Graaff-Reinet has all the historic and architectural charm of Stellenbosch but without the traffic mayhem. And, wholly in its favour, is the nearby Camdeboo National Park which is easily accessible even with an ordinary vehicle and fewer than 15 km from the town centre.
To watch the sun set over the Valley of Desolation and onwards to the Plains of Camdeboo is truly a spectacular sight. Even without the delicious refreshments and excellent guided tour offered by Karoo Connections’ David McNaughton, just being up there as the birdcall bounces between the peaks like a harmonic ping-pong game is sufficient. We saw Springbok, Rhebok, Bontebok and a Leopard Tortoise that diced with death as a speeding car narrowly missed it while it was crossing the road. Red Hartebeest and Kudu are also present as are cute Steenbok with their perky ears.
For art’s sake
I’d cynically considered The Rupert Family’s investment in art as a positive PR move to sanitise their tobacco and liquor interests but Graaff-Reinet, from where the family comes, is an example of what can happen when a wealthy family invests to restore and renovate and not simply to enrich themselves.When it came to reenergising The Drostdy Hotel they assembled a winning team.
Founded in 1795 much of the town of Graaff-Reinet still looks as I imagine it did then. This is also the genius of the hotel’s revamp. dhk Architects were recently awarded the Eastern Cape’s Institute of Architecture’s regional award for seamlessly blending the original structures with the new ones. This, together with the Stephen Falcke interiors, Jan Blok’s landscaping and, most valuably, Newmark Hotel’s management team, are what make this such a special property to visit.
Originally opened as an hotel in 1878, it was built by French architect Louis Thibault to serve as the magistrate’s office for the town. The hotel is laid out like a historic village. Many of the units have candy-coloured front and back doors with table and chairs at the rear while sash windows have matching shutters. The deluxe interiors, while nodding to historic farmhouse style, are not only contemporary but also fully geared to today’s travellers who want to stay in touch with work, family and friends while being on vacation. To this end, free wifi works effectively throughout the property and the suite’s desk, which also doubles as a vanity table with hairdryer, has a panel of desk-height plugs to simultaneously charge all your devices.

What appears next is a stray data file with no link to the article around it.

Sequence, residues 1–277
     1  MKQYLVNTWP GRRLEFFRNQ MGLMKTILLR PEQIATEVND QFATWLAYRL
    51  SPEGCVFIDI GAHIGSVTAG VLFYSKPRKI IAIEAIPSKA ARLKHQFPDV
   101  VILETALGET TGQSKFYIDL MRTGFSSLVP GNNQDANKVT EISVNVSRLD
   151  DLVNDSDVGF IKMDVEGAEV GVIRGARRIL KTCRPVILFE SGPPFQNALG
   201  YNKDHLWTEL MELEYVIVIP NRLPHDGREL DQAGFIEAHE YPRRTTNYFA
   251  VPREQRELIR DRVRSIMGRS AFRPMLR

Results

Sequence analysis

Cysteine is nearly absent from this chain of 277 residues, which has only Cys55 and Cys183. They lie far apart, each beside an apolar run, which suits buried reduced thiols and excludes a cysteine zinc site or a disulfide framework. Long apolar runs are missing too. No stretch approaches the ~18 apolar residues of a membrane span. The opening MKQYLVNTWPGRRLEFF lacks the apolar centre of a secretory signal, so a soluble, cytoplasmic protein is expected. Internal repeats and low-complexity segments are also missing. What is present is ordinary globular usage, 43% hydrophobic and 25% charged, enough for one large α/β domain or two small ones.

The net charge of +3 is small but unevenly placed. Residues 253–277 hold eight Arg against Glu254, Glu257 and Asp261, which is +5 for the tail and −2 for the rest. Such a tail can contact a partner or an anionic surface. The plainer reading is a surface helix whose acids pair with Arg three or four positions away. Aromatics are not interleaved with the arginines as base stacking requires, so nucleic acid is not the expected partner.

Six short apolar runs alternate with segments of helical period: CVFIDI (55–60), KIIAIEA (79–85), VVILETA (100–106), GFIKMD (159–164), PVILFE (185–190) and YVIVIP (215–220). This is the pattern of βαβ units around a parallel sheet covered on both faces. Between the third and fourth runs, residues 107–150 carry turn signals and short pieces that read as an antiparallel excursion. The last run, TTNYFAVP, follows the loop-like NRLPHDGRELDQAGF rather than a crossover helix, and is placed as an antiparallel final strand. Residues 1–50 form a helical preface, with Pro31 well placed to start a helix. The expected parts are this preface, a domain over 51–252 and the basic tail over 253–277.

Ferreira House is one of the historic properties that form part of the accommodations at The Drostdy Hotel.
If you’re travelling in a group of up to 14, I recommend taking all the accommodations in Ferreira House and the immediately adjacent suites that form around a courtyard swimming pool.
Clean air and oxygen on tap
The Africology Spa is in the building that originally housed the hotel bar. This is an excellent example of Cape Victorian architecture with its corrugated iron roof and patterned timber lattice work. Aside from the expected spa menu, mani and pedi chairs and a couple’s spa suite, they also offer oxygen therapy.
There are so many things to see within easy walking distance of The Drostdy. The stone Groote Kerk church, modelled on England’s Sainsbury Cathedral, is the town’s centrepiece and Reinet House is a must, if only just to see one of the oldest and largest vines. I loved their collection of historic kitchen items especially the detailed and decorative cheese presses and butter shapers.
For coffee lovers their selection of fire-top coffee roasters and blue enamelled coffee percolators is a real find.
South African art but no Pierneef
The Hester Rupert art museum is another must see although I was expecting to see the famous Pierneef Station Panels. They were once in Graaff-Reinet although in a different museum.
Now they are in the Rupert Museum in Stellenbosch, near Cape Town.
And, speaking of coffee, Cafe Polka and the adjacent Maria’s Coffee Roasters are a destination in themselves.
There is also a Mohair shop immediately across from the hotel which sells home-knitted items at extremely reasonable prices. They also have an exhaustive selection of Mohair socks. The Imibala Gallery is part of the hotel but also accessed directly from an off-street entrance. This houses a collection of local contemporary art that is available to purchase.
While there, take a peek at the adjacent wine shop which keeps mainly Rupert-family wines but also a few vintages from friends like Ernie Els. This is a great spot to taste wines and pick up fine wines at cellar-door prices.
Eat at De Camdeboo
Even if you’re simply passing through Graaff-Reinet you must stop at the hotel for a meal. I was blown away by the competitively priced food at their De Camdeboo Restaurant which is of a quality and style of a city-centre restaurant but portions are sufficiently generously sized to satisfy a Karoo farmer’s appetite.
In the past Graaff-Reinet was a rest-stop while on the way to somewhere else. I’m confident that with the outstanding hospitality offering and available list of attractions that people will now choose The Drostdy Hotel and Graaff-Reinet as a destination. I can’t wait to return if only just to lie at the pool gazing up at the surrounding mountains that cup the village like a loving father.